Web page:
Nordic Walking in Croatia’s Paklencia National Park
Written by Lindsay Cannon
23 February 2016
Last modified on
23 July 2020
Croatia's stunning Paklenica National Park
Croatia’s Paklenica Riviera, a 20km stretch of coastline where the mountains meet the sea, provides a beautiful setting for our next Nordic Walking break in partnership with Sam Armstrong from Core Concept and Danijela Bucić of Mountain Traveller Croatia. The Paklenica Riviera is part of the Velebit Nature Park, which because of its specific relief, vegetative, and landscape features was placed by UNESCO in the World Network of Biosphere Reserves.
We’ll stay in Starigrad-Paklenica, a relaxing small port on the coast of the Velebit channel built on the foundations of the ancient settlement of Argiyruntuma. Our accommodation in Starigrad Paklenica is the well-appointed 3-star Hotel Alan, which was completely renovated in 2004 with a cutting-edge wellness centre being added a year later.
Alongside the riviera the Paklenica National Park provides an impressive backdrop with its two canyons, Velika and Mala Paklenica (Grand and Small Paklenica), and high peaks that provide stunning views, deep gorges and beech and pine forests for our walks. The Park’s highest peak is Vaganski vrh at 1,757m.
The park is renowned for its wild flowers, diverse fauna and interesting geomorphological phenomena and forms. The protected status of the park has ensured that the area remains unspoilt, with the preserve representing one of European’s last remaining true wildernesses. The region is rightly celebrated for the its heritage and diversity of attractions - on each day our Nordic walks will explore the history of this unique area: you’ll discover the stunning beauty of the Paklenica National Park and sample its local culture, cuisine and fine produce, and learn of its crafts and traditions.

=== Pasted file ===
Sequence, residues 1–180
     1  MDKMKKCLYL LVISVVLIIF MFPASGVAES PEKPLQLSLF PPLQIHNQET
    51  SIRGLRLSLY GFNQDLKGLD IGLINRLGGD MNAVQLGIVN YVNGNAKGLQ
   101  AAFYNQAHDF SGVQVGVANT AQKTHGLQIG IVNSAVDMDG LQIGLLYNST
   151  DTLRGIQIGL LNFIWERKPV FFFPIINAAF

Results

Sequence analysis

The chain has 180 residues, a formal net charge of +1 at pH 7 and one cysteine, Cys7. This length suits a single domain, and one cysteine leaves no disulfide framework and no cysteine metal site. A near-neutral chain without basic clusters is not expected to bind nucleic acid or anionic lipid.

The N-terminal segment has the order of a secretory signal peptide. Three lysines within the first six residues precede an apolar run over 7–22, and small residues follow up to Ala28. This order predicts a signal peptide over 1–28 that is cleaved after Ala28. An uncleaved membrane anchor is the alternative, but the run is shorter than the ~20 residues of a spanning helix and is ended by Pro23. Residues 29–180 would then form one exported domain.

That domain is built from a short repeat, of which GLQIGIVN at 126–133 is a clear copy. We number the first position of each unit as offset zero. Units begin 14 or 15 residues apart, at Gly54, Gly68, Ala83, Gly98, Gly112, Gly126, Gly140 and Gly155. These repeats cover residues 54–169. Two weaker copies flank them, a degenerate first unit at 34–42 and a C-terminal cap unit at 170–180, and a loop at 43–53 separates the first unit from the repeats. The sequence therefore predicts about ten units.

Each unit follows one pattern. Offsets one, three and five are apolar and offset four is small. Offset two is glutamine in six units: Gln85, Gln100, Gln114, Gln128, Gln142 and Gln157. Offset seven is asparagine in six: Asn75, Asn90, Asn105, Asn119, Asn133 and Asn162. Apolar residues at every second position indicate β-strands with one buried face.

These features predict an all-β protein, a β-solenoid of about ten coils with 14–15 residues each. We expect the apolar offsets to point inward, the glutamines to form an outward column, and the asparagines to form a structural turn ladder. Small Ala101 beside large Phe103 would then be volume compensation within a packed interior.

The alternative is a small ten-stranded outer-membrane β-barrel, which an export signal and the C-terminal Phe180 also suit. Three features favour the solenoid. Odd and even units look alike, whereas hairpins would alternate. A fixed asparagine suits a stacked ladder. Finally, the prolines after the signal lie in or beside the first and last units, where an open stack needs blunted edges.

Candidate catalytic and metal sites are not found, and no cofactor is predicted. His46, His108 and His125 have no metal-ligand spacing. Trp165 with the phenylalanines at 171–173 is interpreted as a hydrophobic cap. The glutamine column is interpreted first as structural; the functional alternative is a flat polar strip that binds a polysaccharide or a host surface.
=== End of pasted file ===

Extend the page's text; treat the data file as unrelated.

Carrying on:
During our stay we’ve scheduled visits to discover Paklenica’s ancient villages and hamlets, a renovated flour mill, forts, taverns and an organic vineyard. The Paklenica National Park, situated south of the Velebit range of mountains (the largest in Croatia) and covering an area of just under 100 square kilometres, is found slightly inland from the coast of northern Dalmatia just north of the vibrant city of Zadar, which we shall visit at the end of our week-long stay in the area.
Zadar, set on a small peninsula, is an intriguing city with its old town of Roman and Venetian ruins, medieval churches and cosmopolitan cafes. The old town, which features beautiful Venetian gates in the city walls, also boasts a Roman-era Forum, the impressive 11th-century St. Mary’s Convent with its religious art dating to the 8th century; the 12th-century St. Anastasia’s Cathedral; and its oldest place of worship, the 9th-century pre-Romanesque Church of St. Donat. Despite all these attractions Zadar remains uncrowded and, with the help of a local guide, you’ll get to experience the best museums, shops and cafés the city has to offer.